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On bottles of Budweiser it claims that:

We know of no brand produced by any other brewer which costs so much to brew and age.

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This seems implausible both from the point of view of economics (it’s brewed in enormous quantities and sold cheaply), and given it doesn’t involve any special additional ingredients, ageing, or hand production. Why do they claim this and how are they allowed to?

Note: I can see that it may hinge on what “brew”, “know”, “producer” means but unlike, for example “possibly the best beer in the world....” , it makes an objective claim.

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    They don't say "there are no brand" but "we know of no brand". Also "which costs so much" could be just "costs exactly same" – Jan Ivan May 11 at 14:14
  • Do you not think “so much” means more, not “ some particular amount”? At best the latter would be a deeply unconventional use of language! – dothyphendot May 11 at 14:22
  • I think you are right, there are many words that leave them an "out" to claim whatever they want. "We know of no brand" what does that mean? AB was the largest brewer in the USA at one time and they did put a ton of money into their processes, equipment and distribution and don't forget advertising! So, in that fact they did spend a lot of money. But for the actual ingredients? No, it's very cheap to make their beer – farmersteve May 11 at 15:29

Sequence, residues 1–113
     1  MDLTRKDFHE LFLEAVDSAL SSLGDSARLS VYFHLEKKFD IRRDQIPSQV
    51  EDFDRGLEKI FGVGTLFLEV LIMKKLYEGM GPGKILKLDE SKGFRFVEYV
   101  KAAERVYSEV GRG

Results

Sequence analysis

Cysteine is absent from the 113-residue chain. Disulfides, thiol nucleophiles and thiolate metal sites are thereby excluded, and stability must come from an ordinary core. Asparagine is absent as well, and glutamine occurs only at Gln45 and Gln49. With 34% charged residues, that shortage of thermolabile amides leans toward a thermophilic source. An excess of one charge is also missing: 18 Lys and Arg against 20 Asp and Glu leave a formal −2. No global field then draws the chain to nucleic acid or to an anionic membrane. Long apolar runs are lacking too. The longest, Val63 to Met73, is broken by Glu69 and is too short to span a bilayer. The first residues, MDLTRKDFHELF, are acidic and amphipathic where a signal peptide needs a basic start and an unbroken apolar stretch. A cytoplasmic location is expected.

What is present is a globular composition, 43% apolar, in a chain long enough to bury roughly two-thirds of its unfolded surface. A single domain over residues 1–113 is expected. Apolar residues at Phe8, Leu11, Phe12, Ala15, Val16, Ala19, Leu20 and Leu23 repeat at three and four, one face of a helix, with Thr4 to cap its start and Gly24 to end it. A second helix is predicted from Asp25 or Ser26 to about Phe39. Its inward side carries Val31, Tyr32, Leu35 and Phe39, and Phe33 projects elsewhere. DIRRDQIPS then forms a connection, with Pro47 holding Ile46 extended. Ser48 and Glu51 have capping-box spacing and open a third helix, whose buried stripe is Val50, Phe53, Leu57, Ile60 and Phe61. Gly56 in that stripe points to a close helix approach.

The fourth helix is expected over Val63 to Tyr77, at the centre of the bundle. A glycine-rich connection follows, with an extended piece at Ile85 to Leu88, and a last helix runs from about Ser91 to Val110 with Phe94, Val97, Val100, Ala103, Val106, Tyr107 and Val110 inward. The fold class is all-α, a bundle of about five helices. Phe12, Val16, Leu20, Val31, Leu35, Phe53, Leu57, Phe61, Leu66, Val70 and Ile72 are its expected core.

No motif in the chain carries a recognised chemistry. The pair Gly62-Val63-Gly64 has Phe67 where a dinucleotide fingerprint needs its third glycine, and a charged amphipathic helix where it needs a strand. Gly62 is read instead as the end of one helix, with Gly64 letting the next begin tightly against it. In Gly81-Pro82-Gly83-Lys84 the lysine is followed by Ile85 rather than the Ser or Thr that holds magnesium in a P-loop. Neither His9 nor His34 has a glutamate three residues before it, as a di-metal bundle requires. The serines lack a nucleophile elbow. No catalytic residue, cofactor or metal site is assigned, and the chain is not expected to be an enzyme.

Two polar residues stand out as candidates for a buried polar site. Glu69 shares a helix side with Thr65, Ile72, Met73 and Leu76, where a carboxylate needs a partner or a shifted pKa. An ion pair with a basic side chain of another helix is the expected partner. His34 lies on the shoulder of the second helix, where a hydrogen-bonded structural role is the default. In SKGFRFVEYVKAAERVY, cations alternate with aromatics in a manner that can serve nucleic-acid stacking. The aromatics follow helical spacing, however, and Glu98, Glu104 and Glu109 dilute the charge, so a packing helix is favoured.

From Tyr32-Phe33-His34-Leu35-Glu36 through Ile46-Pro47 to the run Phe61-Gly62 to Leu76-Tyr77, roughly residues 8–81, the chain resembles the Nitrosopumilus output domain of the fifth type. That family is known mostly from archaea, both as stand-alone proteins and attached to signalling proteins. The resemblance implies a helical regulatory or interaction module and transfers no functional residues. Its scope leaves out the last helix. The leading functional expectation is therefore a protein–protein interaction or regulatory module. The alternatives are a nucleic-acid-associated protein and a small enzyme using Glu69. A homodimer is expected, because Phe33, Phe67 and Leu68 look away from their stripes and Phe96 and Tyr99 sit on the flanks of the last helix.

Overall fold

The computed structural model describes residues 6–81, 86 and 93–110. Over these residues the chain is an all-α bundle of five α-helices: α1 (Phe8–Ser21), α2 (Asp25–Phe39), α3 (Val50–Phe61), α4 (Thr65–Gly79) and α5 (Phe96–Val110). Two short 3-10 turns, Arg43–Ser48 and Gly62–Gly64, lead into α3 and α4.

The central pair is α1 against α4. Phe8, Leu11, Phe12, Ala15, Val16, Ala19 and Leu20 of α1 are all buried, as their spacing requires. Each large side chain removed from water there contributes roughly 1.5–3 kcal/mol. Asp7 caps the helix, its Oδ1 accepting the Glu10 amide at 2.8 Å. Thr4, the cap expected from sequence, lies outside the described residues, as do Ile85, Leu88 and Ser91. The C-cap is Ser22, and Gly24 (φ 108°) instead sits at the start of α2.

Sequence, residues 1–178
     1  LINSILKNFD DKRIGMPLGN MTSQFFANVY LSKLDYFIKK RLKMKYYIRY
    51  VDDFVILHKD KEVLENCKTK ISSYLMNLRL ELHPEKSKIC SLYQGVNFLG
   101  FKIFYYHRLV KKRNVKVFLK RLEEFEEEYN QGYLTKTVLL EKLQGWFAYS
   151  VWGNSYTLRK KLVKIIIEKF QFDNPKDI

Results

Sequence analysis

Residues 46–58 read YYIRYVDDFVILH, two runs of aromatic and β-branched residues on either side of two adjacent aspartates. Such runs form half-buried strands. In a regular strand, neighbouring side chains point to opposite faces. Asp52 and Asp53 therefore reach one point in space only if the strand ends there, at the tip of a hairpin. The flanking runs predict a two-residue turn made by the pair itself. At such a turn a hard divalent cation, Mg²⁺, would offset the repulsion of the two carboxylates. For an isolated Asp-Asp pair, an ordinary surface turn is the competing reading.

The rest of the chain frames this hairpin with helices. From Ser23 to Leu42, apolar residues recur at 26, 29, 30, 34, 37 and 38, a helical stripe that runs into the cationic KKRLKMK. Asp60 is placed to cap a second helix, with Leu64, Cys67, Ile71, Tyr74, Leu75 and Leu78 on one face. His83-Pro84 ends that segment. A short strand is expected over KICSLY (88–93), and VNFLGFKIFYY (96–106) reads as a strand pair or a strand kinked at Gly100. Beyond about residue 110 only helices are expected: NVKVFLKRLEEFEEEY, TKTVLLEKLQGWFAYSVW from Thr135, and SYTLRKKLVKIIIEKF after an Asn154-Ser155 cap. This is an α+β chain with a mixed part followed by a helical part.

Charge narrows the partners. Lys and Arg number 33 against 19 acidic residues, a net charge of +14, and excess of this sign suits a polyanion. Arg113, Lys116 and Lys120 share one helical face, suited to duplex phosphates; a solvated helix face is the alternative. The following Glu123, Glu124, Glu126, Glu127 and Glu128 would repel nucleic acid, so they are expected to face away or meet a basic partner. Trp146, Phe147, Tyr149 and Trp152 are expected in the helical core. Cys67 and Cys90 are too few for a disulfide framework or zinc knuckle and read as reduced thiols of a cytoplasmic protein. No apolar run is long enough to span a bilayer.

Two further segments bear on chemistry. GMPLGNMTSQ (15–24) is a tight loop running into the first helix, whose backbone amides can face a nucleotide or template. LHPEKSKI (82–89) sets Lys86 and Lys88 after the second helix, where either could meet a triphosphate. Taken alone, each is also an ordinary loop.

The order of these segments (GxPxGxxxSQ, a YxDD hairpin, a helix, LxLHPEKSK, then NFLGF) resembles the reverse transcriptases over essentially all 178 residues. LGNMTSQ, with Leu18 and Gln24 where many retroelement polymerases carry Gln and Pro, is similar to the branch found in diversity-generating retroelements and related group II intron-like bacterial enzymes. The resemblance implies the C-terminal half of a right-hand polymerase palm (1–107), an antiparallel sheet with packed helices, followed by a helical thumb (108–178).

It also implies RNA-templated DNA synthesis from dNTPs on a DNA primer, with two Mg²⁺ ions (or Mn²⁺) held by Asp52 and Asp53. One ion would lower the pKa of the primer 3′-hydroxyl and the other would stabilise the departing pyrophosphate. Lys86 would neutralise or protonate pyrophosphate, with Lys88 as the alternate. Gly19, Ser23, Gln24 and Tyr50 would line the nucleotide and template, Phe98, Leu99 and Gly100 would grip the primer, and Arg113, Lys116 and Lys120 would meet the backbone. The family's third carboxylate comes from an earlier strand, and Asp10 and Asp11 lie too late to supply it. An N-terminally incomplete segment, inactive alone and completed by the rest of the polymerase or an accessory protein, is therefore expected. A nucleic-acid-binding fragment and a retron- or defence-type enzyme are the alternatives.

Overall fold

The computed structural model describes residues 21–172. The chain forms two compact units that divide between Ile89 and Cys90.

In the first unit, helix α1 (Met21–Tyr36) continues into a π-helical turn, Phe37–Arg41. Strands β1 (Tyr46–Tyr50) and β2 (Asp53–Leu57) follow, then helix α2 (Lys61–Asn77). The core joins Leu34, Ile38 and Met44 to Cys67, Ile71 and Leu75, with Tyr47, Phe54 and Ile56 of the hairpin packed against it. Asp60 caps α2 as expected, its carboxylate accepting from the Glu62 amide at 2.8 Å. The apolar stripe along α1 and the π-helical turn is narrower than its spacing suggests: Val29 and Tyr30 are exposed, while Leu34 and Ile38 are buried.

• But they say to “brew and age” not to produce, market, and distribute. I’m just curious as to whether there is, or was ever, any factual content to this or if it just nonsense. – dothyphendot May 11 at 15:32
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    So the consensus is that whether or not it were ever true, the claim is definitely not true now, but is sufficiently ambiguous for them to get away with. I’d happily accept that as an answer. Has stated my curiosity! – dothyphendot May 13 at 18:10
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The answer may be in the question you asked:

it’s brewed in enormous quantities

If you look at the aggregate cost, it is indeed almost certainly the most expensive beer in the world to brew and age, because they make so much of it. The total cost for brewing Budweiser probably far exceeds the cost of brewing any other single recipe, year over year.

Per bottle, however is a different story. Budweiser isn't particularly cheap, from a bill of materials perspective, but it isn't exceptionally expensive either. However when it was introduced, it was extremely expensive. At retail it cost the equivalent of $17 a bottle today. The cost savings today are largely due to efficiencies in integration, scale, and processes.

So is it still true that it's the most expensive beer to produce today? On a per bottle basis, certainly not. That doesn't mean, however, that they're cutting corners on production, but as the comments noted, simply taking whatever legal liberties are available to them when making that claim.

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    There are two answers here both partial (a) that it’s a clever use of language and b) that it was once true) which together make this is a great answer – dothyphendot May 18 at 18:18

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